# Is it possible to solve for X?April 25, 2012 2:45 PM   Subscribe

(Y)(S^N) = (M)(X^(N+E)) - (Y)(X^N) Is it possible to solve for X?

I'm working on a manuscript (psychophysics), and it would be nice if I could solve for X in the following equation:

(Y)(S^N) = (M)(X^(N+E)) - (Y)(X^N)

the damn E term seems to be ruining things. Without it, it's simple enough.

My math isn't the greatest, so I could really use some help!

thanks!
posted by spacediver to Science & Nature (24 answers total) 1 user marked this as a favorite

Best answer: No, I don't think so. You have a general polynomial equation, that's all. Abel's Impossibility theorem severely restricts any algebraic solution unless you put restrictions on the values of N and E ( as you did by setting E=0)
posted by vacapinta at 2:56 PM on April 25, 2012

Response by poster: What if I set E to 0.5 (while leaving N as a variable), would it be possible then?
posted by spacediver at 3:26 PM on April 25, 2012

Response by poster: actually, I just realized I have values for N, E, S, and M. But I sense, based on my doodlings, that it's still impossible.
posted by spacediver at 3:32 PM on April 25, 2012

Are the constants (specifically N,E) whole numbers? If so, does N+E<5>
(Also, do you need an equation or to solve for specific values? Could you try solving for Y in terms of X and then graphing it?)
posted by oracle bone at 3:41 PM on April 25, 2012

Actually, I think you can. Use natural logs on both sides then I think you can work the algebra so lnX is all by itself.
I'm supposed to be finishing my term grades so I can't really finish it up, but I think it works from there.
posted by dness2 at 3:41 PM on April 25, 2012

Sorry, that was supposed to say "N+E<5?"
posted by oracle bone at 3:42 PM on April 25, 2012

Do you want a numerical solution? That should be possible if you have all the other values. What you can't get (in general) is an analytic solution in closed form.
posted by Obscure Reference at 3:47 PM on April 25, 2012

Response by poster: oracle: the constants are not integers, but they're all positive values. N + E does add up to less than 5.

I've already graphed Y in terms of X, so I could do it crudely to look up specific values, but would be ideal to be able to graph X in terms of Y based on a continuous function.

dness: thanks for the suggestion, but I barely understand the natural logarithm
posted by spacediver at 3:47 PM on April 25, 2012

Response by poster: obscure: not quite sure what you mean. What i need to be able to do is to plot X as a function of [(Y+1) - (Y)]
posted by spacediver at 3:49 PM on April 25, 2012

Are you sure? Because (Y+1)-(Y)=1. Plotting X as a function of 1 doesn't make sense.
posted by zeptoweasel at 4:07 PM on April 25, 2012

What they mean by natural log is this.

Y^X = A
ln(Y^X) = ln(A)
X*ln(Y) = ln (A)
X = [ln(A)] รท [ln(Y)]

The trick here is that ln(Y^X) is the same as X*ln(Y).
posted by spikeleemajortomdickandharryconnickjrmints at 4:28 PM on April 25, 2012

Oh, and this works for any log base, not just natural log.

So log(Y^X) = X*log(Y).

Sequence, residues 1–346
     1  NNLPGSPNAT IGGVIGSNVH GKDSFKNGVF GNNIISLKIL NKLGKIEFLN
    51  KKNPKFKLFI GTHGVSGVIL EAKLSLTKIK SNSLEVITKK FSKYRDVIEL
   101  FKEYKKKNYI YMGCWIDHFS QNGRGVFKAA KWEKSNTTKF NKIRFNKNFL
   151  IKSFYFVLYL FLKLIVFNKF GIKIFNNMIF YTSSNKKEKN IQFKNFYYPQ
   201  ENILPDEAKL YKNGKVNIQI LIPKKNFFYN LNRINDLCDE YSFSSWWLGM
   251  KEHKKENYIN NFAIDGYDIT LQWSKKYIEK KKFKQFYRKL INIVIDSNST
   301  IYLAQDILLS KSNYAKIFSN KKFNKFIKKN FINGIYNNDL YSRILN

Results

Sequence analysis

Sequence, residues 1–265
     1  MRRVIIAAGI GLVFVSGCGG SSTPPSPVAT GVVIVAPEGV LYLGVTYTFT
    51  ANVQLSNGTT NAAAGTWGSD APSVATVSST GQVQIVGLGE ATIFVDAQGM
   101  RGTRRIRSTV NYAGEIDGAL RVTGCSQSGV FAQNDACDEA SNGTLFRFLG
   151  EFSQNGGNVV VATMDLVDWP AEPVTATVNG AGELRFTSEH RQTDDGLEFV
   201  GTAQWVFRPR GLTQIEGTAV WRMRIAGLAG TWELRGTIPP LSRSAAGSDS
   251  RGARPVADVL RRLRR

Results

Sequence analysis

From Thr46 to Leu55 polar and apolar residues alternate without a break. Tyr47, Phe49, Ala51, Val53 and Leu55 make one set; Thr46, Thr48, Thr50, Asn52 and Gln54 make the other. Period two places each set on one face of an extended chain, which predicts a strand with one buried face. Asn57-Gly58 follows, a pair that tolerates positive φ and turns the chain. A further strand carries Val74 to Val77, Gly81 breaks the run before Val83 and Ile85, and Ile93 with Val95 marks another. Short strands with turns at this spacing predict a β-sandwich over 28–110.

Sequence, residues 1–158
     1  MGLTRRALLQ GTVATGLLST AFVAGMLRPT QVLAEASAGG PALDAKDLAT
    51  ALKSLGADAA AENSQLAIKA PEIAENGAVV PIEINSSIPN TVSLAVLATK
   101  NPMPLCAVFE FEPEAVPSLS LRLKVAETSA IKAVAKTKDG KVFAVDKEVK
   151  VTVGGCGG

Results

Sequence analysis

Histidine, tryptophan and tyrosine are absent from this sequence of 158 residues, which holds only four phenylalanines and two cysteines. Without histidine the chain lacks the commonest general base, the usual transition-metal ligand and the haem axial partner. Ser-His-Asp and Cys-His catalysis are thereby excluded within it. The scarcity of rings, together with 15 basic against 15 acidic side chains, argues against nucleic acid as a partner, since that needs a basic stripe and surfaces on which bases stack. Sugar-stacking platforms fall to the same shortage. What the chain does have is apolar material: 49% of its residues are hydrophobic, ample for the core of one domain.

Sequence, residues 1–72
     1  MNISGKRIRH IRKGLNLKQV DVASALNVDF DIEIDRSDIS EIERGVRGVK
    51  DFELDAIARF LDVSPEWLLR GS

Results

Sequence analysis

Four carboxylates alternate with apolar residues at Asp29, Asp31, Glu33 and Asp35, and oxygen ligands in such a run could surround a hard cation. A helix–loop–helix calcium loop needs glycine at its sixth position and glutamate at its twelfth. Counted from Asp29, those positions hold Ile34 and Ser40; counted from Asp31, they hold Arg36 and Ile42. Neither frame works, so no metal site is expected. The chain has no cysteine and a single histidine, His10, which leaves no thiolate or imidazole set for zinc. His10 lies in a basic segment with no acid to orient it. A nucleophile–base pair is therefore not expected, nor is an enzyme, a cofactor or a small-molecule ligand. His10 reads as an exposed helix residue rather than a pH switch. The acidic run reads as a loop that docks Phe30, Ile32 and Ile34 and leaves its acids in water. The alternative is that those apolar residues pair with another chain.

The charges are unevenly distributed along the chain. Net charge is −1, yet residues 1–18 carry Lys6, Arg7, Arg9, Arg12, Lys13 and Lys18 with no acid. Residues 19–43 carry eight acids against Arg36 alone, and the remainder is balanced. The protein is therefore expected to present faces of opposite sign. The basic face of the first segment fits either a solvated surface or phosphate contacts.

posted by spikeleemajortomdickandharryconnickjrmints at 4:29 PM on April 25, 2012

And just looking at it, 1 minute before class starts, it seems to me that you can solve for X. I'll break out a pen and paper when I'm out of class and let you know if I solve it.
posted by spikeleemajortomdickandharryconnickjrmints at 4:30 PM on April 25, 2012

Nope, I can't do it. Might be possible, but I'm not seeing it.
posted by spikeleemajortomdickandharryconnickjrmints at 4:33 PM on April 25, 2012

Response by poster: zepto: Y refers to a function there not a variable.

spikelee: i see what u mean
posted by spacediver at 4:36 PM on April 25, 2012

Response by poster: zepto: to clarify:

I need to solve for f(Y+1) - f(Y)
posted by spacediver at 4:41 PM on April 25, 2012

Response by poster: thanks for all the help here, I really appreciate it. I'm gonna try the crude approximation method - should be good enough :)
posted by spacediver at 5:03 PM on April 25, 2012

I am not a math person. Is there any reason you can't plug in numbers and simplify?

(Y)(S^N) = (M)(X^(N+E)) - (Y)(X^N)

If:
y=5
s=3
n=2
m=10
e=1

so:

(5)(3^2) = (10)(X^(2+1)) - (5)(X^2)

=(5)(3^2) = (10)(x^3)-(5)(x^2)
= 5(9) = 10x^3 - 5x^2
= 45 = 10-5 (x^3)(x^2)
= 45 = 5x^5
= 9 = x^5
= 9^.20 = x
=1.55 = x
posted by triggerfinger at 5:39 PM on April 25, 2012

Response by poster: trigger: that would work if i were looking for the value of x at a particular y, but in my case, i need to find the value of x at any given y.

Anyway, I've figured out the crude approximation solution and it works beautifully.

This helped.
posted by spacediver at 5:56 PM on April 25, 2012

I'm back. If I did it right the answer is:
X=Y/M-[e^(N+E) /S^(N^2)]

Like Spikeetc. Was saying, take the ln of both sides, get lnX by itself then raise both sides to e.
posted by dness2 at 5:56 PM on April 25, 2012

Wolfram Alpha is always useful if you've forgotten your math . . .

(I changed E to F because W|A was interpreting E as the math constant e.)

You can rather easily solve for Y--that might be useful.
posted by flug at 6:31 PM on April 25, 2012 [1 favorite]

Response by poster: wow...
posted by spacediver at 9:01 PM on April 25, 2012

Response by poster: dness: I don't think that's correct. When I plot X in terms of Y and compare Y in terms of X, they don't correspond.

flug: that's a very nifty tool. I already have the solution for X in terms of Y though. The formulation in the original post was based on that original formulation - i had already done some re-arranging to make it more digestible.

thank you both for the efforts though :)
posted by spacediver at 9:28 PM on April 25, 2012

Response by poster: dness, in case you were wondering, I checked both

X=[Y/M]-[e^(N+E) /S^(N^2)]

and

X=Y/[M-[e^(N+E) /S^(N^2)]]
posted by spacediver at 9:29 PM on April 25, 2012

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